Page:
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Familiar Diversions

I'm a librarian who loves anime, manga, and reading a wide variety of genres.

Currently reading

Lying in Wait
Liz Nugent
Progress: 28/310 pages
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To Siri with Love: A Mother, Her Autistic Son, and the Kindness of Machines
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Princess Prince
Tomoko Taniguchi
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Other Minds: The Octopus, the Sea, and the Deep Origins of Consciousness
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FREE: Locke & Key
Tatiana Maslany, Audible Studios, Joe Hill, Gabriel Rodríguez, Kate Mulgrew, Haley Joel Osment, Full Cast
Progress: 91/806 minutes

My Girlfriend's a Geek (My Girlfriend's a Geek (novel) Series #1)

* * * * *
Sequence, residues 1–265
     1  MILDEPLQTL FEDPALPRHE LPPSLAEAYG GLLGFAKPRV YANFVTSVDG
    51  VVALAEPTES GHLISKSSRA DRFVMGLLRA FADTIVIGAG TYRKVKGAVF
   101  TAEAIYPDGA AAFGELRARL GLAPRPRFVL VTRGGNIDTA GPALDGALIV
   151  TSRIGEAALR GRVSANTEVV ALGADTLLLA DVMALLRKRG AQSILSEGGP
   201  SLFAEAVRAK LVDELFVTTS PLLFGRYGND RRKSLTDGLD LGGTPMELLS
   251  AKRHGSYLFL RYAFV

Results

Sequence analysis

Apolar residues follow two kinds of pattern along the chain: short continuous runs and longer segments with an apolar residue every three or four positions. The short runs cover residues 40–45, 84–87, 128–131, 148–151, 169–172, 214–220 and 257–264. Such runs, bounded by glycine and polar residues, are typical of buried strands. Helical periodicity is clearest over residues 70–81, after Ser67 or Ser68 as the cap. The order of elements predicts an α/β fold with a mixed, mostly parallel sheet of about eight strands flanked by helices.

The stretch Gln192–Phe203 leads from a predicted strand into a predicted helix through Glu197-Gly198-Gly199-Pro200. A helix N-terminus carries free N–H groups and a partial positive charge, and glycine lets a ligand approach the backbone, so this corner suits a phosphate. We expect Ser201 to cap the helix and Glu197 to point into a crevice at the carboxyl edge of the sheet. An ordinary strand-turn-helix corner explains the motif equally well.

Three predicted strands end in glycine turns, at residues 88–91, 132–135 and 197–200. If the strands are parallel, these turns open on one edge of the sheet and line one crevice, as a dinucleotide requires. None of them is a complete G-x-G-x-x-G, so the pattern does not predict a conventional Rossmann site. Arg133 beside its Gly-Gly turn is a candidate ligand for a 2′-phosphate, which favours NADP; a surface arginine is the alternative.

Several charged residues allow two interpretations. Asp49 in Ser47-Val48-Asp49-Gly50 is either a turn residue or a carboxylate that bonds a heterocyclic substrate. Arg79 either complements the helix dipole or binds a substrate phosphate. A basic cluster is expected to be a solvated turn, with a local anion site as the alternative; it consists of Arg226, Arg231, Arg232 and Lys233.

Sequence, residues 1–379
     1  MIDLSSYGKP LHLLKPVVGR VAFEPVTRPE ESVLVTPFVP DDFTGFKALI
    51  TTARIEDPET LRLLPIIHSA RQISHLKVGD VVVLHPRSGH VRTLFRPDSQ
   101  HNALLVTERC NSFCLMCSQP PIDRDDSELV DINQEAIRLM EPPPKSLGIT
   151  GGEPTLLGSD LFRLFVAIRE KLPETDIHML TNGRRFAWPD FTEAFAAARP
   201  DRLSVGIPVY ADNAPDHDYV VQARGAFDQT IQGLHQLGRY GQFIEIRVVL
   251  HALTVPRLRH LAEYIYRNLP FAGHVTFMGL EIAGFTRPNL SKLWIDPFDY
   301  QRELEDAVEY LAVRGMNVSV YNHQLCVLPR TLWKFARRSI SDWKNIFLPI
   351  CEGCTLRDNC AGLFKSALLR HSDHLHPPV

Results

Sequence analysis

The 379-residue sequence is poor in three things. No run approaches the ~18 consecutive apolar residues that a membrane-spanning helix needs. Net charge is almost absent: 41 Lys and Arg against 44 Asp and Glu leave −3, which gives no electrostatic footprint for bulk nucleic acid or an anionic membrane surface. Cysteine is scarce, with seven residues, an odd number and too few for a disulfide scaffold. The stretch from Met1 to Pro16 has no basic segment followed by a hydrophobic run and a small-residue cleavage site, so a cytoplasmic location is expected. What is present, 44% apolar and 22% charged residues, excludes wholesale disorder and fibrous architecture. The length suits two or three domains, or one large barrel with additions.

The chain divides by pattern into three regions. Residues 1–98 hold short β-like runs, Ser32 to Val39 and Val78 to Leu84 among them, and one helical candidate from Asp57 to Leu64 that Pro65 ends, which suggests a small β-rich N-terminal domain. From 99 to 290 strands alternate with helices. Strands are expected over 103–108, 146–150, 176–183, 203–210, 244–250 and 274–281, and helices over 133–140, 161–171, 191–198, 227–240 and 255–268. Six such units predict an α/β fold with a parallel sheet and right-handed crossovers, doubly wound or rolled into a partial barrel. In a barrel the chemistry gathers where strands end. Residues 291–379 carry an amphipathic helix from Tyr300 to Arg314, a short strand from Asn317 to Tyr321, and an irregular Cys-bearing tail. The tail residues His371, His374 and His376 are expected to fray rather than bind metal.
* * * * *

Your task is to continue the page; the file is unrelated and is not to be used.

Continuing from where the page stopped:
My Girlfriend's a Geek (novel): Volume 1 - Pentabu I'll start this review off by listing a few questions you should ask yourself prior to deciding whether to read this book:- Do you consider yourself to be a fan of anime and manga?- Do you have at least some idea of what these things are, and what their appeal is? - Gundam, Neon Genesis Evangelion, shoujo and BL manga, maid cafes, cosplay, and slash pairings- Are you okay with reading a book consisting of a bunch of blog entries?If you answered “no” to any of these questions, except possibly the second one, you should probably give this book a pass. A good chunk of it will go over your head if you don't have at least a basic understanding of anime and manga fandom. Although the explanations included in some of the blog posts help, and the glossary at the end is decent, those things won't do you much good if you've never seen examples of shoujo and BL manga and anime, and don't know what Gundam is. For example, while the glossary explains that Hagaren is an abbreviation of Hagane no Renkinjutsushi, the Japanese title of Fullmetal Alchemist, it does not explain that “Roy x Ed” refers to a fan-invented romantic/sexual pairing between two characters in the series. And Pentabu's embarrassment about Y-ko storing her shoujo and BL manga at his place is best understood if you've seen examples of them.And I should mention that, if you've never seen Neon Genesis Evangelion and plan to do so at some point, you might want to save reading this book until afterward. In one blog post, Pentabu watches some of the show with Y-ko and one of her friends, who shamelessly spoil all kinds of story and character details. I've only seen a little of the show and thankfully don't plan on watching more, or I might have found the spoilers to be more upsetting. Oh, and there are also a few Fushigi Yuugi spoilers.Now that I've gotten all the warnings out of the way, it's time for my review.I'm not a fan of epistolary novels and usually won't even go near them unless their descriptions interest me, as was the case with My Girlfriend's a Geek. Another strike against the book was my dislike of Pentabu, which was fairly strong during the first third, came and went in flashes for most of the rest, and sorta kinda went away by the end.Pentabu's reactions to Y-ko during the first third or so of the book often had me thinking something along the lines of “The lady doth protest too much.” He'd frequently write stuff like “my fujoshi girlfriend is dragging me into her world, the horror!” and “the only anime I've ever really watched is [fill in the blank],” and I don't think he considered himself to be an otaku. Certain details struck false notes, however. How could a guy who said “I basically don't watch anime” have a favorite Fushigi Yuugi character and know enough about the show to have cried over the death of a character? This, and other details, had me viewing Pentabu as a hypocrite, a secret otaku (and possibly secret shoujo fan?) who enjoyed making fun of his girlfriend's fujoshi interests via his public, semi-anonymous, and hugely popular blog.In later posts, Pentabu wrote about Y-ko's cosplaying efforts. Her Christmas present to him was to dress up as a pink nurse with cat ears (Pentabu has a pink nurse fetish – seriously, is this guy really in any position to be making fun of his girlfriend?). She also spent a period of time dressed up as a maid, greeting him when he came home. Pentabu's response was annoyance that she didn't act like a proper maid (the only real change in her behavior was to add “Master” to the end of all her sentences) and that her outfit was so difficult to remove.Which leads me to one of the things about this book that made me a little uncomfortable – the references to Pentabu and Y-ko's sex life, which, if Pentabu was to be believed, was fairly active. Pentabu never mentioned having told Y-ko about his blog (although the final few pages of the book indicate that he probably told her at some point, if not from the very beginning), so it wasn't clear if he had her permission to refer, even in a fade-to-black way, to moments in their life that lead to sex and/or making out. If he didn't get her permission, and if I were Y-ko, I'd have been mad. There were quite a few indications that Y-ko was too embarrassed to be very “out” about her interests, so I'd imagine that even semi-anonymous references to fujoshi-fied aspects of her sex life would be hugely embarrassing. Fade-to-black sex/making out while wearing a dress shirt she bought Pentabu (Y-ko has a suit fetish), while wearing Pentabu's high school uniform (Y-ko also has a gakuran fetish), and during Y-ko's maid cosplay period, etc. You get the idea.The book had its good points, though. Although the depth of Pentabu's embarrassment over Y-ko's interests sometimes annoyed me, other times I laughed and felt more sympathy for him. I liked the entry about a sick Y-ko asking Pentabu to read her new BL doujinshi to her - “Put all your emotion into it and play both roles” (73). Oh, poor guy. And I laughed when he realized all of Y-ko's friends knew him as Uke-Sebas.There were cute relationship moments too, and those are what eventually won me over and convinced me that (assuming those sex life details weren't posted without Y-ko's permission) maybe Pentabu was a decent guy after all. I loved reading about Pentabu meeting Y-ko's family for the first time (Y-ko's mom was fabulous), and the entry on Y-ko's Christmas present was good, too. The final entry (in this volume, anyway) was incredibly sweet and could be summed up like so: “I know I gripe a lot about Y-ko's fujoshi interests, but, in reality, none of it really bothers me, because I love her and enjoy having her by my side.” Everybody, say it with me now: Awww.I probably would have enjoyed this book more if the sentiments Pentabu expressed in that last blog post had been clearer from the beginning. Actually, there's a lot that Pentabu made clear in his final few posts in this volume that I would have liked to have known sooner: how he and Y-ko met and became a couple, and that, at some point, he must have let Y-ko know about the blog (the final post mentions Y-ko sitting behind him, giggling over BL manga, and an epilogue features Pentabu and Y-ko answering questions asked by Pentabu's readers). The occasional blog post written by Y-ko would also have been nice.All in all, I'm not entirely sure how I feel about this book. I spent much of it annoyed at Pentabu and a little uncomfortable about some of the things he wrote, even as he occasionally charmed me and made me laugh. I have a feeling I'd probably get along well with Y-ko – we'd at least make great shopping buddies. The final few pages were very sweet and managed to improve my overall opinion of both Pentabu and the book – my romance-loving heart melted over Y-ko and Pentabu's comments about Pentabu using bookmarks. I don't know if I'll hunt down and read the second volume, but I also don't resent the time spent reading this volume. I'll have to see if I like the manga adaptation of Pentabu and Y-ko's story more.(Original review, with read-alikes and watch-alikes, posted on A Library Girl's Familiar Diversions.)